On SB 483, the Senate is sending five Republicans: Troy Fraser of Horseshoe Bay, Kip Averitt of Waco, Kevin Eltife of Tyler, Chris Harris of Arlington, and Kyle Janek of Houston. The House's gang includes Phil King, R-Weatherford, Wayne Christian, R-Center, Aaron Peña, D-Edinburg, Todd Smith, R-Euless, and David Swinford, R-Dumas. That legislation would limit electric generators' share of markets in the state in an effort to promote competition and lower prices. State regulators would have the power to order refunds and fines for companies that manipulate markets to keep prices high. It also forces utilities and distribution and transmission companies to seek Public Utility Commission approval when they're about to be sold or merged.

SB 482 will be worked out by a Senate crew that includes Fraser, Harris, Eltife, Kim Brimer of Fort Worth and John Whitmire, a Houston Democrat. The House has five negotiators — four Republicans and a Democrat — for SB 482: King, Will Hartnett, R-Dallas, Sid Miller, R-Stephenville, Joe Straus, R-San Antonio, and Sylvester Turner, D-Houston. That one's supposed to promote retail electric competition.

Fast and Furious

The House and Senate are working on voter ID and registration bills to make sure Americans with photo ID cards are the only people who cast ballots. But nobody's breaking down the doors for a chance to vote in the state's May 12 elections, according to figures compiled by the Texas Secretary of State. In the first two days of early voting, only 81,172 people voted in the state's top 15 counties. That's out of 7,861,081 registered voters in those counties. On the ballot: A constitutional amendment that allows elderly homeowners in Texas to get their share of the property tax cuts approved by the Legislature a year ago.

• Lawmakers are still trash-talking the governor, but they don't want to take his "emerging technology fund" away. A proposal that would have moved control of that economic development money from the governor to the comptroller got swatted down in the House by a 79-55 margin. The Yup side was predominantly Republican, with a handful of Democrats; the Nopes were mostly Democrats, with a handful of Republicans.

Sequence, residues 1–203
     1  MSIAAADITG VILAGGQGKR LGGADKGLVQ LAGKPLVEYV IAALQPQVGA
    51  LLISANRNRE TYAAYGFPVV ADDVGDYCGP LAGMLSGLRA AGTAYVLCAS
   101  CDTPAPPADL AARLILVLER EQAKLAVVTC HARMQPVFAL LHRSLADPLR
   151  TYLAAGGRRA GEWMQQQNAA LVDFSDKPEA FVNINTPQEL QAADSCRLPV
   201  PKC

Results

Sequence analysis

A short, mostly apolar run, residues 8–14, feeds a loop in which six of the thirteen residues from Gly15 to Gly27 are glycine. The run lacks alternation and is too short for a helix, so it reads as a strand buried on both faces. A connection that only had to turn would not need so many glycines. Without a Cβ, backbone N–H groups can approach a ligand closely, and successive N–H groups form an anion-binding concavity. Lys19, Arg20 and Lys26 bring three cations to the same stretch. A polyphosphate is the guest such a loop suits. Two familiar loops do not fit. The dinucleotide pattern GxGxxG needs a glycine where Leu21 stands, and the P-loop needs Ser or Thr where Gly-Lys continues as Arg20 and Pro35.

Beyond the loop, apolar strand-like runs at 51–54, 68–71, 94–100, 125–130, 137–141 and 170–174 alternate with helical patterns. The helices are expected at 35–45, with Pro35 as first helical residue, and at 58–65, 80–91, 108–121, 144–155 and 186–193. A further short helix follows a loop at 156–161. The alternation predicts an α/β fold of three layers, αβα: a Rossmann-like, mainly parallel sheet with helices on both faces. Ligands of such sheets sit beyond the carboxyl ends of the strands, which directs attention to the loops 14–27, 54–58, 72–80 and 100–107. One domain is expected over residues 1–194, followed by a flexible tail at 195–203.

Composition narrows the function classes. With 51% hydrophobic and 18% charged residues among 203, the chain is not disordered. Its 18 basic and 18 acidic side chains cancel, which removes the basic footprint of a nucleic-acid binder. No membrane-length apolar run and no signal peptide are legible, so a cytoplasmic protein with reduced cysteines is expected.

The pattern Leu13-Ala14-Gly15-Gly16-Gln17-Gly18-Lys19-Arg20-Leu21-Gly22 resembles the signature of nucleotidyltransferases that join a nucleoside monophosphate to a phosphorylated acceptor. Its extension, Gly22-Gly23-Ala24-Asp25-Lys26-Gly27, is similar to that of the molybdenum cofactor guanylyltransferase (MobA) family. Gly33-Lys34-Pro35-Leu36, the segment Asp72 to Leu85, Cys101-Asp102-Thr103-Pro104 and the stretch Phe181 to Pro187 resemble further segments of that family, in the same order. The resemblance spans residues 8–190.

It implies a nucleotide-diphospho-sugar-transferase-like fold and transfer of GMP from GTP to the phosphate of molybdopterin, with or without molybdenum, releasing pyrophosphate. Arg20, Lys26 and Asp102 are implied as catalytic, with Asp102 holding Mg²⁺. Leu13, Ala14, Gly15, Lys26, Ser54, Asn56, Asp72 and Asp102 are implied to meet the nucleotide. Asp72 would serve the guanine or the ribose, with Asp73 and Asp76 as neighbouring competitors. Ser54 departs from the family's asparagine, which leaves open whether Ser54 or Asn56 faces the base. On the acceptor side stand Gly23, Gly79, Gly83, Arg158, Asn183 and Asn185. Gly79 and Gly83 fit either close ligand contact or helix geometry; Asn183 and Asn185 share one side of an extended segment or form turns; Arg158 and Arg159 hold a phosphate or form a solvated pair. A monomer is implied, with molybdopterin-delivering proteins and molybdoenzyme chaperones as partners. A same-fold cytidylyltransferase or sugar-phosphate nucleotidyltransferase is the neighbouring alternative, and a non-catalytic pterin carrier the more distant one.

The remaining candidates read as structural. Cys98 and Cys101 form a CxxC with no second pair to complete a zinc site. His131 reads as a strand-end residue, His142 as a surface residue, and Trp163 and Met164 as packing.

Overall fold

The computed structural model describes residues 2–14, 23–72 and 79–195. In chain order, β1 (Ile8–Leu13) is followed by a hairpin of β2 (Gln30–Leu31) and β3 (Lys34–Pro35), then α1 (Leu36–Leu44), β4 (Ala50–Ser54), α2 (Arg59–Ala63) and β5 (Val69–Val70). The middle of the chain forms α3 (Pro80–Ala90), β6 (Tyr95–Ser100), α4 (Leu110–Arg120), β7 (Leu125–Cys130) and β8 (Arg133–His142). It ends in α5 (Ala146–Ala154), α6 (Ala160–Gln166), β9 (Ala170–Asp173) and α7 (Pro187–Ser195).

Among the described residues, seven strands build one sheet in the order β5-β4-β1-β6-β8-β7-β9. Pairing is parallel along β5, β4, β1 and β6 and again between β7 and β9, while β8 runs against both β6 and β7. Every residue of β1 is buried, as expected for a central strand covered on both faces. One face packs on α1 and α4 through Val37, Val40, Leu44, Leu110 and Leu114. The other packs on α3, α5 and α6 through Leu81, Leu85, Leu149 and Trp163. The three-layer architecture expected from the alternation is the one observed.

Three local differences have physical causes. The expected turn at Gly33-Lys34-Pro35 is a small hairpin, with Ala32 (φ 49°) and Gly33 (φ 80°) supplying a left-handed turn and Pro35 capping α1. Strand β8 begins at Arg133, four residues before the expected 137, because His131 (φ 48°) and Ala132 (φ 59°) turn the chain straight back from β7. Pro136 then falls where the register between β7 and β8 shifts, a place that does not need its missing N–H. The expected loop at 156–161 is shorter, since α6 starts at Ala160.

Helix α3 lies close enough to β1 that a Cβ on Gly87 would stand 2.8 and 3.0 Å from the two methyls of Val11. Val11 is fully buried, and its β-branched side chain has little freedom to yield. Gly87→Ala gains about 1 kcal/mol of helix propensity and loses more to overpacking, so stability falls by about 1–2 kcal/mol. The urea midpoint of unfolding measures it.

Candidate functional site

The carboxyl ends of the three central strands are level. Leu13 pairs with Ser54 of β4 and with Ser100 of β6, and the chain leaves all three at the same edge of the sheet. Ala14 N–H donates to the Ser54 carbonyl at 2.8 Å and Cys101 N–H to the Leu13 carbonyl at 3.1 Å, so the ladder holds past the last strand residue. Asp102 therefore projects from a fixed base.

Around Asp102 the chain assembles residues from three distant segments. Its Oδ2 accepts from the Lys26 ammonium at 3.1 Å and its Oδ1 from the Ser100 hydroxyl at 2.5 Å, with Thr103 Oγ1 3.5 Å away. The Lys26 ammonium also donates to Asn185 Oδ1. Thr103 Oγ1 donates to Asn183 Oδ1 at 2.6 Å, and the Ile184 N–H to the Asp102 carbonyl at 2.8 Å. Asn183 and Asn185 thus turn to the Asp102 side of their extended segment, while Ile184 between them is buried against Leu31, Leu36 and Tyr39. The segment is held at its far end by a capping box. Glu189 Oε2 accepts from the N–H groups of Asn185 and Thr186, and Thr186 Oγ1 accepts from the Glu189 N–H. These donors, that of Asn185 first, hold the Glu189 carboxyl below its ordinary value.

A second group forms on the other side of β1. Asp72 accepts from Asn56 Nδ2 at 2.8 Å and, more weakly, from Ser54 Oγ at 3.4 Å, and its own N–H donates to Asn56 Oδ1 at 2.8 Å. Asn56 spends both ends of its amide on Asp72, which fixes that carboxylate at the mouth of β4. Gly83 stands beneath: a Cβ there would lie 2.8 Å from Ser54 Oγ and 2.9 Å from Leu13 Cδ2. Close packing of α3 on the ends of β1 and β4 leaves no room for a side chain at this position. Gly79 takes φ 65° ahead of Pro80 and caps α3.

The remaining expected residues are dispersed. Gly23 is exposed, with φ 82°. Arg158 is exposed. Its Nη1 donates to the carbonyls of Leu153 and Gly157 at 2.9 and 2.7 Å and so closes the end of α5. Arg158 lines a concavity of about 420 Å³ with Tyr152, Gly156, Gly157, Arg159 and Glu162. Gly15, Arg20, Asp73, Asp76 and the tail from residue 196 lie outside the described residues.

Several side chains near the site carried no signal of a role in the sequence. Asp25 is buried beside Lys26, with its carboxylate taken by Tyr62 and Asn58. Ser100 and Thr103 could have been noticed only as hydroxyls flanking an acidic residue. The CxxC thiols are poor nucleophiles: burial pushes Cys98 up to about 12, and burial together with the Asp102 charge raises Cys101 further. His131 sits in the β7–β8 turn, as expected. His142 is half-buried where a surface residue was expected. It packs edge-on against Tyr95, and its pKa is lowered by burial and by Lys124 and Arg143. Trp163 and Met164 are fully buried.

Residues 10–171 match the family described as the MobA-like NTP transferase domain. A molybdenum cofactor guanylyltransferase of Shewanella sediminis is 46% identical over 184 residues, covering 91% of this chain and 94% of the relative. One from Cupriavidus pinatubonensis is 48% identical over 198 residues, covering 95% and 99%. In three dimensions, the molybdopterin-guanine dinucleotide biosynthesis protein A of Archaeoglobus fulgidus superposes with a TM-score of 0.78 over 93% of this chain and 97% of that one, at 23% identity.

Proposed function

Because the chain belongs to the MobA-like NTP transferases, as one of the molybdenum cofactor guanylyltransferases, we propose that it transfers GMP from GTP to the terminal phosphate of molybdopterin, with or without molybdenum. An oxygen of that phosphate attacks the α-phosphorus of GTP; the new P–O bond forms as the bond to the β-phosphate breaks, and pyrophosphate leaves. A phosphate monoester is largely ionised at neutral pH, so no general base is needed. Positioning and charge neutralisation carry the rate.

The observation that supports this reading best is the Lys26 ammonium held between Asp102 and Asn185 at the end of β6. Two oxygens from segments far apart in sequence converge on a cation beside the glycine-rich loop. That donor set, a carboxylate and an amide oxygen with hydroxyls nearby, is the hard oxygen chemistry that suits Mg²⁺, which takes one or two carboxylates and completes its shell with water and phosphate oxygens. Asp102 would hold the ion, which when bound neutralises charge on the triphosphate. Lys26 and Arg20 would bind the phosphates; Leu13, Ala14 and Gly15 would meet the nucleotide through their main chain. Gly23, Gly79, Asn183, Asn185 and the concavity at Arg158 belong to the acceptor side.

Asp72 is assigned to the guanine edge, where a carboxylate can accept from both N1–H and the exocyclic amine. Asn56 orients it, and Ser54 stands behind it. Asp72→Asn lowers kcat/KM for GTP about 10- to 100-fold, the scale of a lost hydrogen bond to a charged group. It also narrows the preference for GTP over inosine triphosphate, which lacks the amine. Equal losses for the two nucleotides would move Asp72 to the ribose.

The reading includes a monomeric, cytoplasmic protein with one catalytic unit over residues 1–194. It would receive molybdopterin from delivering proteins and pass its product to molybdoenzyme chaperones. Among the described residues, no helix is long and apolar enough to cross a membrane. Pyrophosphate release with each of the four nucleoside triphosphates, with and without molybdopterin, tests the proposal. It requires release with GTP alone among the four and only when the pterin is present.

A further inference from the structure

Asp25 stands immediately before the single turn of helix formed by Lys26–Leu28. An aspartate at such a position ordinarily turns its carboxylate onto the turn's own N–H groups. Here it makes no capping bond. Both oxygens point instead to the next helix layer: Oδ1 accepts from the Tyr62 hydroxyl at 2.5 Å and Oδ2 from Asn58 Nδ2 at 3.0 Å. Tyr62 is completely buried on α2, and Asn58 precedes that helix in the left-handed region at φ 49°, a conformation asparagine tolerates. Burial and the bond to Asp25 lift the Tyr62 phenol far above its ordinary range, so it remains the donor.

• Remember the $3 billion cancer research idea? The state would put $300 million annually into cancer research, partly to focus the attack on that disease and partly to make the state a center for the medical and economic development that would result. Gov. Rick Perry took that idea (it started outside of government) and proposed selling or leasing the state lottery to pay for it (and other programs). The lottery notion fell flat, but more than 100 House members have signed on to legislation creating the program and paying for it with bond money. Now that's stuck, in part because House Speaker Tom Craddick and other legislative leaders don't like the financing. Perry understands, to a point: "I don't like to borrow money when I can pay cash for it." But doing nothing, he said, would leave a "dark stain" on the state: There's money available, he said, and "an opportunity to do something really big and important."

• The Senate okayed "informed consent" legislation that would require women seeking abortions to first have sonograms showing the progress of their fetuses. The legislation by Sen. Dan Patrick, R-Houston, originally required the women to look at the images, but that was changed. The doctor has to tell the woman she's not required to look at the sonogram, but senators turned down an amendment that would have blocked the doctors from charging the patients for the sonogram. Under the Senate's final version, patients do have to pay for the sonogram (which is normally part of the procedure anyway), but have to be told they're not required to look at the pictures.